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Animal diseases, animal health

The health and welfare of animals concerns not just animal livestock owners or government, but all of us.

Disease outbreaks and the measures to control them can carry wide and costly consequences for public health, the economy and the environment. The way we treat animals is an important reflection of the values of our society. This means we all have a stake in improving the national level of animal health and welfare.

Vigilance and good stockmanship are vital in the fight against animal disease. Monitoring animals for signs of disease, and following good farming practices are essential ways of reducing the risk of disease and preventing the spread of disease during an outbreak.

Key facts and figures

  • There have been over 14 exotic disease outbreaks in the last 10 years including foot and mouth disease, bird flu and bluetongue.
  • The costs of disease outbreaks range from £2 million (minor) to over £3 billion (major outbreak).

Latest news

Current situation and background

Animal keepers are responsible for the health of animals in their care, ensuring their welfare, health and productivity and for dealing with animal diseases or other animal related threats.

There are practical biosecurity steps which keepers can follow to prevent the spread of disease.

Some diseases of animals are so important they must by law be notified to government if they are suspected or diagnosed.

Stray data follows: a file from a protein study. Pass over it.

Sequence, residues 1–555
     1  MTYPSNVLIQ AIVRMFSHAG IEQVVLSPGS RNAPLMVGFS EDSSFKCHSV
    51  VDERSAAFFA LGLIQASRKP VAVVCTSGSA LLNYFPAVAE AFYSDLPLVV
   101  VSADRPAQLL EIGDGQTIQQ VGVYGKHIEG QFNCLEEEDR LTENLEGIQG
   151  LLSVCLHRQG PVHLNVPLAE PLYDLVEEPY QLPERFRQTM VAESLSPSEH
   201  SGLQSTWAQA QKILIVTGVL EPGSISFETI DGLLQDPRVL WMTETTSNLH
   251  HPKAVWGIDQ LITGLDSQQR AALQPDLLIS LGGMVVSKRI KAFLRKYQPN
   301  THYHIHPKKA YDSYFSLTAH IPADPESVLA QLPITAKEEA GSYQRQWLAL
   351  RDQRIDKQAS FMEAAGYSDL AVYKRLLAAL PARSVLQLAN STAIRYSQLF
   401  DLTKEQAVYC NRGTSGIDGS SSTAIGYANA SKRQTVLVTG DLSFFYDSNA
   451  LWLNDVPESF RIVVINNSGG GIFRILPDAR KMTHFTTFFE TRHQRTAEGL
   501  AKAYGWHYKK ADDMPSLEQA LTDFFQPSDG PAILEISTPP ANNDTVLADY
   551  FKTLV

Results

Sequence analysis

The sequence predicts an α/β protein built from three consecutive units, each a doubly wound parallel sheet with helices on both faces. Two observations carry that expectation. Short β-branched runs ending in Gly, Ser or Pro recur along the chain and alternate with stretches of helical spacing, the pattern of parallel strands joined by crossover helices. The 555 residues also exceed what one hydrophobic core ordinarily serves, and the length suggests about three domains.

Endemic diseases are those which are already present in the UK such as Bovine TB.

Exotic diseases are not normally present in the UK and can be introduced for example via illegal imports or by wild birds. Defra’s aim is to prevent or limit outbreaks of exotic disease through controls on imports and careful surveillance including monitoring disease trends worldwide. When disease does strike it is Defra’s role to mitigate and eliminate the disease though emergency response and disease controls as set out in contingency plans.

Defra also maintains control on exports to minimise the risk of exporting disease, which could damage our reputation and trading links.

Defra’s maintains veterinary surveillance of animals in order to detect and assess significant changes in animal health that could indicate an exotic disease incursion or a new disease, early enough to intervene effectively. It is anticipated a major unknown infectious disease will arise around every 8 years at an average annual cost of £64 million.

Specific policies are in place to prevent and control serious fish, crustacean and shellfish disease both in aquaculture and wild stocks, including contingency plans. It is estimated there is one outbreak every ten years of a major fish disease at a cost of £12 million to £20 million.

Zoonotic diseases can pass between animals and humans (e.g. salmonella). Defra is required under EU law to operate disease control programmes for some diseases (e.g. Salmonella in poultry), and monitor trends for others, in order to minimise the risk to public health. Failure to comply with EU requirements can result in heavy fines. Defra also works to tackle the increasing resistance of animals to antibiotics through the antimicrobial resistance policy.

Underpinning the government’s work to protect animal and public health and welfare is an extensive programme of veterinary research and development to provide an evidence base for our policies.

Key publications

Page last modified: 4 February 2011